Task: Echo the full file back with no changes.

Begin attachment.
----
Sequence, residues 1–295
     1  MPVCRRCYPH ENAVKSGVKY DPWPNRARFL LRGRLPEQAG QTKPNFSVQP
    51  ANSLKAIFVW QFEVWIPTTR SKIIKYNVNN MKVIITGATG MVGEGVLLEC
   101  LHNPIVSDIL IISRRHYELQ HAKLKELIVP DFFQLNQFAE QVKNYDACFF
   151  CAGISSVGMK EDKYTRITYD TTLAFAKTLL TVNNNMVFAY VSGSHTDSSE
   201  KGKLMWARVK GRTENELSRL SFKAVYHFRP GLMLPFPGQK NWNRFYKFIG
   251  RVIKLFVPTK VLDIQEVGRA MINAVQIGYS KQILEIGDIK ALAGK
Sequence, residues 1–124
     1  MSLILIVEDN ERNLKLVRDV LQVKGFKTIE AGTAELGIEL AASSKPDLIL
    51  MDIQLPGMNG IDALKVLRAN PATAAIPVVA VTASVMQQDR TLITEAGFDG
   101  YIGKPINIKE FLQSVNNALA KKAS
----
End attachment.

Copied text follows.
Sequence, residues 1–295
     1  MPVCRRCYPH ENAVKSGVKY DPWPNRARFL LRGRLPEQAG QTKPNFSVQP
    51  ANSLKAIFVW QFEVWIPTTR SKIIKYNVNN MKVIITGATG MVGEGVLLEC
   101  LHNPIVSDIL IISRRHYELQ HAKLKELIVP DFFQLNQFAE QVKNYDACFF
   151  CAGISSVGMK EDKYTRITYD TTLAFAKTLL TVNNNMVFAY VSGSHTDSSE
   201  KGKLMWARVK GRTENELSRL SFKAVYHFRP GLMLPFPGQK NWNRFYKFIG
   251  RVIKLFVPTK VLDIQEVGRA MINAVQIGYS KQILEIGDIK ALAGK
Sequence, residues 1–124
     1  MSLILIVEDN ERNLKLVRDV LQVKGFKTIE AGTAELGIEL AASSKPDLIL
    51  MDIQLPGMNG IDALKVLRAN PATAAIPVVA VTASVMQQDR TLITEAGFDG
   101  YIGKPINIKE FLQSVNNALA KKAS